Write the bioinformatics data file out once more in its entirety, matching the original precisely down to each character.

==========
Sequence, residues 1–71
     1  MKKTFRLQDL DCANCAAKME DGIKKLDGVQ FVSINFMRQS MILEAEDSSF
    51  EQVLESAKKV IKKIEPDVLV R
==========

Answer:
Sequence, residues 1–71
     1  MKKTFRLQDL DCANCAAKME DGIKKLDGVQ FVSINFMRQS MILEAEDSSF
    51  EQVLESAKKV IKKIEPDVLV R